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I've created a JSF application, and I want to embed a link in a page which when clicked causes the backing bean to marshall out some xml and force the opening of a save-as download dialogue box so the user can choose a location to save the file. I've already written the JAXB code.

How is this done?

Thanks

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marked as duplicate by BalusC java Sep 11 '15 at 12:29

This question has been asked before and already has an answer. If those answers do not fully address your question, please ask a new question.

up vote 32 down vote accepted

Set the HTTP Content-Disposition header to attachment. This will pop a Save As dialogue. You can do that using HttpServletResponse#setHeader(). You can obtain the HTTP servlet response from under the JSF hoods by ExternalContext#getResponse().

In JSF context, you only need to ensure that you call FacesContext#responseComplete() afterwards to avoid IllegalStateExceptions flying around.

Kickoff example:

public void download() throws IOException {
    FacesContext facesContext = FacesContext.getCurrentInstance();
    ExternalContext externalContext = facesContext.getExternalContext();
    HttpServletResponse response = (HttpServletResponse) externalContext.getResponse();

    response.reset(); // Some JSF component library or some Filter might have set some headers in the buffer beforehand. We want to get rid of them, else it may collide.
    response.setContentType("application/xml"); // Check http://www.iana.org/assignments/media-types for all types. Use if necessary ServletContext#getMimeType() for auto-detection based on filename.
    response.setHeader("Content-disposition", "attachment; filename=\"name.xml\""); // The Save As popup magic is done here. You can give it any filename you want, this only won't work in MSIE, it will use current request URL as filename instead.

    BufferedInputStream input = null;
    BufferedOutputStream output = null;

    try {
        input = new BufferedInputStream(getYourXmlAsInputStream());
        output = new BufferedOutputStream(response.getOutputStream());

        byte[] buffer = new byte[10240];
        for (int length; (length = input.read(buffer)) > 0;) {
            output.write(buffer, 0, length);
        }
    } finally {
        close(output);
        close(input);
    }

    facesContext.responseComplete(); // Important! Else JSF will attempt to render the response which obviously will fail since it's already written with a file and closed.
}
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thanks very much indeed. I put the code in and now, when I click the link, the (FF) browser replaces the current page with a page containing the file contents rather than popping up a download window. What might I be doing wrong? – volvox May 26 '10 at 16:06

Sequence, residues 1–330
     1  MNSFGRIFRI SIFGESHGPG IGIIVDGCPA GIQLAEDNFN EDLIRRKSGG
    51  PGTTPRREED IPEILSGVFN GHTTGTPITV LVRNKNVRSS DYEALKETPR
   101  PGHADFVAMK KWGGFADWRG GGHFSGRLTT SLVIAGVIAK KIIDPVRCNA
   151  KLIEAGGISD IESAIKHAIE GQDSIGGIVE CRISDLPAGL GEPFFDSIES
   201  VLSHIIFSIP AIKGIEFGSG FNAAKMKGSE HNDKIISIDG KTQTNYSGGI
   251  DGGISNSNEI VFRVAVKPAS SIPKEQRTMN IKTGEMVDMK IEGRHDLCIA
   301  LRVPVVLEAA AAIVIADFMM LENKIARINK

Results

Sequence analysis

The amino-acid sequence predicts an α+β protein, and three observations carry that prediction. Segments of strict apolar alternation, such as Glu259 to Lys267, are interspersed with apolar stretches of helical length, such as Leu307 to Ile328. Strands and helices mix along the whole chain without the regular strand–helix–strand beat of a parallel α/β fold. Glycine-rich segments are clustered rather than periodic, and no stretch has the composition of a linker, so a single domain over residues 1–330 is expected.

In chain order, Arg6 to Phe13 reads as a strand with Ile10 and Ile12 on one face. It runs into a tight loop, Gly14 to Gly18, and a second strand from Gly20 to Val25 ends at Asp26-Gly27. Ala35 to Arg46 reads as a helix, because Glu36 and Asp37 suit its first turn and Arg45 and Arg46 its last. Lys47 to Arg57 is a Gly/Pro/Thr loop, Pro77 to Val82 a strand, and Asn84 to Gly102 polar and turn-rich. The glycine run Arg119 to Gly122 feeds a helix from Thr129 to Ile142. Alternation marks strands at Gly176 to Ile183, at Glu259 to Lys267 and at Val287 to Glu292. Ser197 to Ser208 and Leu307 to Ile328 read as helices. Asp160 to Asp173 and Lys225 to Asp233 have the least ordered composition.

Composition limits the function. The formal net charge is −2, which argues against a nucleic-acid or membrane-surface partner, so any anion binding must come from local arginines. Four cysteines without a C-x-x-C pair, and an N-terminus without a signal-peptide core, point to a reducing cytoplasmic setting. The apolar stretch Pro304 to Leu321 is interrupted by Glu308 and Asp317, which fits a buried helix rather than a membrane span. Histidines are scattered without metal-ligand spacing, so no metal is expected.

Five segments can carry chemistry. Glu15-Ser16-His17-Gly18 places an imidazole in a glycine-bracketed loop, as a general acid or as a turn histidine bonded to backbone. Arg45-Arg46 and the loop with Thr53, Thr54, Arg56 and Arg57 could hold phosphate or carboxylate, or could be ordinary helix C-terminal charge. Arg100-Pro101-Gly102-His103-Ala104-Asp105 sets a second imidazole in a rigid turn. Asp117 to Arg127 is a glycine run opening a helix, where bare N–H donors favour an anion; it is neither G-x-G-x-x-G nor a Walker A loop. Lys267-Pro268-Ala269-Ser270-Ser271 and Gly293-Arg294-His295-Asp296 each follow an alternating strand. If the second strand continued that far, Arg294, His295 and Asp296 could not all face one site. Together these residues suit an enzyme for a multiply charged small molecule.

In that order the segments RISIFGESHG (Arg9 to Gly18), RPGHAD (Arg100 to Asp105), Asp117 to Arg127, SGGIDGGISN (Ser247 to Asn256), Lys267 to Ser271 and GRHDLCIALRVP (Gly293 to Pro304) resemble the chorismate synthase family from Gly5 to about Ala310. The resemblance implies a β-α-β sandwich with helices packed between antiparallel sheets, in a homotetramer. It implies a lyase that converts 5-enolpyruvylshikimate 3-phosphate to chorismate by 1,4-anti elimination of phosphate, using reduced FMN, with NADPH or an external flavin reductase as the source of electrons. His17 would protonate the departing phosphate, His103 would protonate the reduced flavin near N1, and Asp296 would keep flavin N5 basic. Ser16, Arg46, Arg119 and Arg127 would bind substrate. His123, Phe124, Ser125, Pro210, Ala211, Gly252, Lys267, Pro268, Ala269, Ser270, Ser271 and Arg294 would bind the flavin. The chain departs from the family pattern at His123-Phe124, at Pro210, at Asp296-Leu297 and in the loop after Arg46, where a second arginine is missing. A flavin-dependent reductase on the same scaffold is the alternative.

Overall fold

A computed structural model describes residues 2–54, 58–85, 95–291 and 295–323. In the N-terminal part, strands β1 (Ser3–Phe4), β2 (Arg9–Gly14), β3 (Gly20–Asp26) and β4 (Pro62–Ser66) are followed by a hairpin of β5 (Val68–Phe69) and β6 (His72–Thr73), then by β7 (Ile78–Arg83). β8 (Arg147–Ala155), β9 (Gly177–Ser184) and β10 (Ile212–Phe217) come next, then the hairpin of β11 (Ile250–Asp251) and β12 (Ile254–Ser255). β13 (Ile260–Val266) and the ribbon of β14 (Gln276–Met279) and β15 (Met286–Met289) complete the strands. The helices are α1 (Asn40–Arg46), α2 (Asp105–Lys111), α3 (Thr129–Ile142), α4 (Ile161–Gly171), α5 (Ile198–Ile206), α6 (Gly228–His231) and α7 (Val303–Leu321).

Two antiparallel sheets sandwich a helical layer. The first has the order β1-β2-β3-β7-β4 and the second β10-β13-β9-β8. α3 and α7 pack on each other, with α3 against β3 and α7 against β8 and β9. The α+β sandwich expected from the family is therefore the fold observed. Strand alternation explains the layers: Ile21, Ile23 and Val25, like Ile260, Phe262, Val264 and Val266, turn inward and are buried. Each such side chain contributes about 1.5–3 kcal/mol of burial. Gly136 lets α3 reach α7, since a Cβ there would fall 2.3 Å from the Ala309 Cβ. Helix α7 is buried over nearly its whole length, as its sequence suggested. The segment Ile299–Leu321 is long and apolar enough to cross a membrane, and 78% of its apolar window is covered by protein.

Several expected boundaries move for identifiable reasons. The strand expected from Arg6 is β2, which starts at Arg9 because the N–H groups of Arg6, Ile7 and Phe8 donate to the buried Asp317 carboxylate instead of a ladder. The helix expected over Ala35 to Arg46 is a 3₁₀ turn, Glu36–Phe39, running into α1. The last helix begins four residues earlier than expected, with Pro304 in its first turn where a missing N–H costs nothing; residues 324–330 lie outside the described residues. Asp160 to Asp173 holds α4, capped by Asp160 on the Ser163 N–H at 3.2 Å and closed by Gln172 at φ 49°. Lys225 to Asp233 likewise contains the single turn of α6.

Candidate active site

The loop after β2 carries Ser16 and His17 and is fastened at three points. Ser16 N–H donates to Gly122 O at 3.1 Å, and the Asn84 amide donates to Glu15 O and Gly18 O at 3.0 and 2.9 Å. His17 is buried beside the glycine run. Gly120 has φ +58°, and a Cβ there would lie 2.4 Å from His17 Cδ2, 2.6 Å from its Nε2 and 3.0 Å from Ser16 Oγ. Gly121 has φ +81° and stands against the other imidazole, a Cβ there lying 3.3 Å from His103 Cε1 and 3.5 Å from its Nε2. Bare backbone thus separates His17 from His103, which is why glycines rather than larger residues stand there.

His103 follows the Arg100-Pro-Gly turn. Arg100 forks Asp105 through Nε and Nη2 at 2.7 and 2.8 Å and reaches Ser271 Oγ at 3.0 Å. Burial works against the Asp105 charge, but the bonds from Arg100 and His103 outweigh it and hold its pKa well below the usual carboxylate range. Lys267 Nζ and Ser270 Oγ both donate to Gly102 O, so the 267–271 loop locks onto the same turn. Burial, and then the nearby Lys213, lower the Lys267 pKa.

1  
Try in another browsers (IE, Chrome) as well or restart FF with a clean profile. It may happen that a webbrowser is configured to be the default application for XML files and that XML files should be opened automatically when downloaded. – BalusC May 26 '10 at 16:12
1  
Oh, also ensure that this isn't an asynchronous (ajaxical) request, but just a synchronous ("plain vanilla") request. I.e. just use h:commandLink or h:commandButton, but not RichFaces, Ajax4jsf, IceFaces, etc ajaxical-powered UICommand components. – BalusC May 26 '10 at 16:14
    
I've specified save for xml file types in FF, and switched to h:commandButton and when I click the button now, the whole page reloads and no save dialog appears. The app will not be supported in IE or Chrome (can't even test with them). Not sure where to look now. – volvox Jun 7 '10 at 15:53
    
Is it inside a h:form? Is the method actually invoked? Walk through this list to check one and other. – BalusC Jun 7 '10 at 16:22

Use the content-disposition: attachment HTTP header

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sometimes you need to force the writer to send the contents to the client by calling response.getWriter().flush(); before closing the writer. This prompted the save as popup in my case.

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1  
This is only necessary when the request-response chain contains a broken custom HttpServletResponseWrapper implementation which returns a broken custom writer. For the standard Servlet and JSF implementations this is absolutely not necessary. The solution should be to fix that wrapper/writer implementation and not to manually flush the writer everywhere in the code. – BalusC Mar 15 '12 at 13:57

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